Bangalore, Apr 4: Indian Space Research Organisation (ISRO) Chairman G Madhavan Nair today denied that India had held talks with Russia to either send an Indian astronaut to space or train one for its ambitious manned mission.
Speaking to reporters on the sidelines of a function, he said there was indeed a Russian ''suggestion'' to this effect, but no concrete proposal. ''This happens when we sit across the table and finalise. At present there is no such proposal,'' he added. The ISRO chief said the agency had now finalised the report on maned mission and it would be submitted once the Space Commission meeting is held next week.
''We have said in the report that we are targeting to complete the mission in seven years and meet the 2015 target. We have assessed the technologies involved, the facilities required and which are the agencies that would participate,'' he said.
Mr Nair said ISRO was exploring cooperation with other space agencies which had the capability and such tie-ups would happen over the years. ''Now we know what we want. We look around and assess what they (foreign space agencies) have and whether they are willing to share it. But it takes time,'' he said.
Mr Nair said that during his recent Russian visit, he had reviewed the Glosnass mission in which India was participating. ''We discussed setting up on a compatible receiver that could work with both Indian satellite and the Glosnass constellation. We want the receiver we are developing to be compatible with both. However, we can consider using both Indian and equipment from outside, if needed,'' he said.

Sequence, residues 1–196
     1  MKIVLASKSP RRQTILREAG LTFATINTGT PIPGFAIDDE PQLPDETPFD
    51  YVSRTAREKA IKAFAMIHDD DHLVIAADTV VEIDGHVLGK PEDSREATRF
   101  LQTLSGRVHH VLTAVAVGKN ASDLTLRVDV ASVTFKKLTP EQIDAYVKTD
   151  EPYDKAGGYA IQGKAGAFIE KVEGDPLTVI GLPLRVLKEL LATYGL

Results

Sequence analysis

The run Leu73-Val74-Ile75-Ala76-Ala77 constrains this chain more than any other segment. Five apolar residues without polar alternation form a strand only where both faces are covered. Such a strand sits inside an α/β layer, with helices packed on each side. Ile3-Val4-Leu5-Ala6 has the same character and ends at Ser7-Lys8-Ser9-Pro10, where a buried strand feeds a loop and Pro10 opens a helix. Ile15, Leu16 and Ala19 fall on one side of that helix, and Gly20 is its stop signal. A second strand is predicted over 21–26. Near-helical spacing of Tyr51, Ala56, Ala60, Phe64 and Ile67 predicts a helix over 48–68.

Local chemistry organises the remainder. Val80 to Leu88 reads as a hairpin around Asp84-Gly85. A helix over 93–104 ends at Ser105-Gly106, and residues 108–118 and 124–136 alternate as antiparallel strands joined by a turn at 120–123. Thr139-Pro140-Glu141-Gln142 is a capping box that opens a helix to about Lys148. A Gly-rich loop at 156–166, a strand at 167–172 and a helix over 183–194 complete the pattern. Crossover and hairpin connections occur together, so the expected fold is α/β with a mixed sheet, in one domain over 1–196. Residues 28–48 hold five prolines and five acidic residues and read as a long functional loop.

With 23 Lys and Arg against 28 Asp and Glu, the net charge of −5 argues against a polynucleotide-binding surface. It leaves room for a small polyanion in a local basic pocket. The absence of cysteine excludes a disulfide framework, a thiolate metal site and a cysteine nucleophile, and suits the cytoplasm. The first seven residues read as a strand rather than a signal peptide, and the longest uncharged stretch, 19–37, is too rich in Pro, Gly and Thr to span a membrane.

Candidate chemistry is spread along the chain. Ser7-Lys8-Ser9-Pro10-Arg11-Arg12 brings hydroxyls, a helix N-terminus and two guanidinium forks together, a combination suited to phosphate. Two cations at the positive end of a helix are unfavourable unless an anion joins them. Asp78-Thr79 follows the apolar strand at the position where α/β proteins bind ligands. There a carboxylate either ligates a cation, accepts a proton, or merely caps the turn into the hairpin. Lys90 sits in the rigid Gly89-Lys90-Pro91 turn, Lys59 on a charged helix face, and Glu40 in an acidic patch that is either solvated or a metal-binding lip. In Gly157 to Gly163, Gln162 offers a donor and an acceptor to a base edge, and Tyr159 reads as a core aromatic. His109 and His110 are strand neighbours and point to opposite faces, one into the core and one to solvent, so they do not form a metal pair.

India had entered into a tie-up with Russia to participate in the 30-satellite Glosnass mission and link its regional satellite network to it.
The ISRO chief expressed satisfaction over the 25 per cent increase in the budget allocation for the organisation. The Union Government had allocated Rs 4,000 crore to ISRO in this year's budget, compared to Rs 3,000 crore last year.
Mr Nair said that during the 11th five-year plan, ISRO had targeted to achieve 70 missions, compared to 28 missions during the previous plan. ''We want to ensure operational continuity and then take up future development programmes. Future development will be towards moon mission, reusable satellites and K-band satellites for transmission of hi-definition data.'' He said ''our immediate next launch would be CARTOSAT-2.'' This launch would follow the aborted Moon Mission-I, which would come through in two to three months for which the integration work had begun.
CARTOSAT would include a TWSAT, mainly meant for developing countries to receive data at a low cost, he said.
Mr Nair said ISRO would think of dedicating a satellite for health like the one now being used for telemedicine. ''We have four transponders now meant for education and the satellite based health services will have to pick up. Then we can think of a dedicated satellite,'' he said.
On criticism by the Left parties for ISRO launching a Israeli 'spy' satellite, he merely said ''everybody has freedom to express what he or she wants. Similar to this launch, we have received three more inquiries from private industries in Europe.''